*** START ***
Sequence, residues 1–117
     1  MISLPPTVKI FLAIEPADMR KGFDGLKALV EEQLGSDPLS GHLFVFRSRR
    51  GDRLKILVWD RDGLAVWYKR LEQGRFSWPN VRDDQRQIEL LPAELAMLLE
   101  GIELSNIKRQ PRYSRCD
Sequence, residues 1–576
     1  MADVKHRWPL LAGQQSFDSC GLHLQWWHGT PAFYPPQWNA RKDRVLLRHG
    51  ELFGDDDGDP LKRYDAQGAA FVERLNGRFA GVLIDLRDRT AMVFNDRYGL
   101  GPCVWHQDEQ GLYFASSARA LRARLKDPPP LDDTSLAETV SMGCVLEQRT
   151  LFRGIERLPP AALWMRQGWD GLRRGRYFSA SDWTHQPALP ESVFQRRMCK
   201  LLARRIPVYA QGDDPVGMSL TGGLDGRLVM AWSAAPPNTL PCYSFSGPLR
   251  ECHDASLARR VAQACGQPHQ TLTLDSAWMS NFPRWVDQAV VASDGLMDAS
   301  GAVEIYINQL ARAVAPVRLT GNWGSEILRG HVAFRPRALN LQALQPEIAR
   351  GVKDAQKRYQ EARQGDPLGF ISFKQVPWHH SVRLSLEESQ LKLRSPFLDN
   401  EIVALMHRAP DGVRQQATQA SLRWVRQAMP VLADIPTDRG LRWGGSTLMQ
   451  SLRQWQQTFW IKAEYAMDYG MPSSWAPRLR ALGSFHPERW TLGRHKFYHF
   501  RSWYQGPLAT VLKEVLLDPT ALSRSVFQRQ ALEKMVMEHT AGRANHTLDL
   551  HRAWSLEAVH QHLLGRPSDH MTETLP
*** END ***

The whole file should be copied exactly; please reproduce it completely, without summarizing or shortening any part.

Sequence, residues 1–117
     1  MISLPPTVKI FLAIEPADMR KGFDGLKALV EEQLGSDPLS GHLFVFRSRR
    51  GDRLKILVWD RDGLAVWYKR LEQGRFSWPN VRDDQRQIEL LPAELAMLLE
   101  GIELSNIKRQ PRYSRCD
Sequence, residues 1–576
     1  MADVKHRWPL LAGQQSFDSC GLHLQWWHGT PAFYPPQWNA RKDRVLLRHG
    51  ELFGDDDGDP LKRYDAQGAA FVERLNGRFA GVLIDLRDRT AMVFNDRYGL
   101  GPCVWHQDEQ GLYFASSARA LRARLKDPPP LDDTSLAETV SMGCVLEQRT
   151  LFRGIERLPP AALWMRQGWD GLRRGRYFSA SDWTHQPALP ESVFQRRMCK
   201  LLARRIPVYA QGDDPVGMSL TGGLDGRLVM AWSAAPPNTL PCYSFSGPLR
   251  ECHDASLARR VAQACGQPHQ TLTLDSAWMS NFPRWVDQAV VASDGLMDAS
   301  GAVEIYINQL ARAVAPVRLT GNWGSEILRG HVAFRPRALN LQALQPEIAR
   351  GVKDAQKRYQ EARQGDPLGF ISFKQVPWHH SVRLSLEESQ LKLRSPFLDN
   401  EIVALMHRAP DGVRQQATQA SLRWVRQAMP VLADIPTDRG LRWGGSTLMQ
   451  SLRQWQQTFW IKAEYAMDYG MPSSWAPRLR ALGSFHPERW TLGRHKFYHF
   501  RSWYQGPLAT VLKEVLLDPT ALSRSVFQRQ ALEKMVMEHT AGRANHTLDL
   551  HRAWSLEAVH QHLLGRPSDH MTETLP